Mother Tongue

Growing up, I heard a lot of Spanish spoken. My mother, the oldest of seven children moved from Quito, Ecuador to Los Angeles when she was almost fifteen. My grandmother, who until very recently I had never appreciated for the brave woman she was, came by boat to the United States with her seven children, one niece, two maids, and speaking no English. My grandfather remained in Quito to work, coming to Los Angeles twice a year to visit his family. This always struck me as a rather unconventional arrangement, but apparently it worked for them as they were married until they died, a year apart, in their eighties. At the time the family moved from Ecuador it was customary if one could afford it, to send your children to the United States or England for high school. With seven children to educate, my grandfather thought it was a better idea to move the family to the United States so all the children could learn English. The plan was to follow that move with a move to France so they could learn French as well, but World War II intervened and they never made it across the Atlantic.

So, my mother completed her last years of high school in California and learned to speak English. In 1937, her ESL class was a Spanish I class where the nuns at the Catholic girls’ school she attended hoped she would pick up English as the rest of the class learned beginning Spanish. Indeed, she did. And learned very well. A self appointed, high-ranking officer in the grammar police, she was quick to correct any errors. I don’t think any of her five children ever made the mistake of saying “Karen and me” more than once. And I still cringe when I hear someone say “He’s taller than me”, waiting to hear my mother’s stern voice –  “taller than I. Just finish the sentence – “He’s taller than I am, not taller than me am.”

But Spanish was always her mother tongue and the one she reverted to in times of stress or anger, particularly when angry at one or all of her children.There was a long, repeated list of Spanish words she would shout in frustration. Always the same words. Always in the same order. We were a Catholic family. We went to Catholic school. We referred to it as her litany.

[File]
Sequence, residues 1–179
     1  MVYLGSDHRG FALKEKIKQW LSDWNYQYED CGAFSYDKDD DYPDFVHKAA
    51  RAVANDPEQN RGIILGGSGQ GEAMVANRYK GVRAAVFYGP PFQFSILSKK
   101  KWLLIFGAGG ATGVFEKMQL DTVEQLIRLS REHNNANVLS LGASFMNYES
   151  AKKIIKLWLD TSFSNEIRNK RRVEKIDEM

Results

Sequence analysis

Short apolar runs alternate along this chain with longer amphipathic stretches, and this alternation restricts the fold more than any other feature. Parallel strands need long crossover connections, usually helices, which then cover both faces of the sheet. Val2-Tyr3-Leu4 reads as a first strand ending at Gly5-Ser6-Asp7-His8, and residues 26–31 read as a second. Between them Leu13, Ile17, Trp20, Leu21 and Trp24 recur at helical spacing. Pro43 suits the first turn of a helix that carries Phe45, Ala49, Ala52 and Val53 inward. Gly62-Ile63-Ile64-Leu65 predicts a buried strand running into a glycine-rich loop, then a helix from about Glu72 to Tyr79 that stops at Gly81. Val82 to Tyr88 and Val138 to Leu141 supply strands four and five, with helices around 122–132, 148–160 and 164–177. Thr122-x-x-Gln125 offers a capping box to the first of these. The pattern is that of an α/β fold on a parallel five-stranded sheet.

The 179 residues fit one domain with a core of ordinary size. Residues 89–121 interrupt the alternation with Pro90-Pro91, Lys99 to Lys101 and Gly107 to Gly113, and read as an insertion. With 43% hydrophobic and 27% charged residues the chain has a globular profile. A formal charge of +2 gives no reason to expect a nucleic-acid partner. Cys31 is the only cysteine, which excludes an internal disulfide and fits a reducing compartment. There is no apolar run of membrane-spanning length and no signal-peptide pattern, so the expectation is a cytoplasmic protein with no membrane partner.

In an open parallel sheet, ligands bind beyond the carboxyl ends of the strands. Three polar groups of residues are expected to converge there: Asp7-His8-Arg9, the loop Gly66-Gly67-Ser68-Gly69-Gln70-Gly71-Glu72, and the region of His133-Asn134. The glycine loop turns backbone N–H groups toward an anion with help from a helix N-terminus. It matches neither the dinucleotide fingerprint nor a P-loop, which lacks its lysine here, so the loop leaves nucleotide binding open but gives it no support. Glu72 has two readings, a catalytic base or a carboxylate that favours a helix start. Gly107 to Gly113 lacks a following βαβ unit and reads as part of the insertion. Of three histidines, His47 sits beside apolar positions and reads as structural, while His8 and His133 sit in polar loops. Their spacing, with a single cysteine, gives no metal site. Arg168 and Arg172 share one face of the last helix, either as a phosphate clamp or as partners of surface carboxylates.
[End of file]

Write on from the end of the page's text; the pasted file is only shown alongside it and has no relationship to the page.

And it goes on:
“Carajo! Mierda! Cochina! Sucio! Pendeja! Malcriada!”

By the time I or any of my four siblings could talk, we could repeat the words, learned by rote. My grandparents visited us when I was three. Excited and happy to have their attention, I enthusiastically rode my rocking horse, a gift from my grandparents, until I fell off. More embarrassed than hurt, I expressed my unhappiness and frustration: “Carajo, mierda, cochina, sucio” completing the whole litany. My grandmother, and elegant and very refined woman, turned in shock to my mother. “I know where she learned it” she said. “But what I want to know is where YOU learned it?”

And as we got a little older, although we could easily repeat them, we knew not to use those words. We didn’t dare. Somehow, even though we didn’t know the meanings, we knew we shouldn’t, that they were bad. We knew the wrath of God would descend on us if we did.

So, it was with all of my twelve year old gumption, sassiness, and just a touch of defiance that I approached Stella Gualdoni that day in seventh grade. New to our class that year and exotic, Stella came from Argentina and her first language, like my mother’s, was Spanish. I remember approaching her on the playground cautiously. I didn’t want to scare her off with my request. I made a little comment about our spelling test that segued nicely into a conversation about words. Perfect! “So, do you know what these Spanish words mean?” As I began to rattle off the litany, I watched as Stella’s big brown eyes grew larger and larger and her face registered surprise and horror. After I finished, a small, embarrassed smile appeared on her face as she began to timidly translate for me.

“Hell. Shit. Dirty pig. Dirty, just generally dirty. Stupid jerk. Spoiled brat.”

While I was initially shocked, I was at the same time ever-so-pleased. Did I ever have something on my mom now! For someone who was frequently exhorting me to be more ladylike, this was a new side to her, a new development in our relationship. I felt as if I now had some power. This was going to be fun! I couldn’t wait for the school day to end. Couldn’t wait to tell my mom what I had discovered. Couldn’t wait for her reaction. It was going to be epic!

I got home. I told her. I imagine she was embarrassed to have other people know she used that language. But her reaction, the epic reaction I had gleefully anticipated – nothing. There was none. No fireworks, no excitement. At least nothing I can remember now. I do remember being disappointed that outing my mother hadn’t caused more of a stir, at least a little uproar. But there was nothing. Only a crushing disappointment on my end.

I was reminded of this day, years later, as a twenty year old home from college for the summer. In a hurry, preparing my breakfast before rushing out to my summer job, I spilled orange juice all over the kitchen counter. I was now going to be late. Thinking I was alone, I boldly  shouted “Shit!” From laundry room around the corner,hidden from my view, came my blue-streak cussing mother’s stern reproach, “Peggy, that’s not very ladylike!”

It may not have been, but there could be no question about where I learned it.

Interconnecting Circles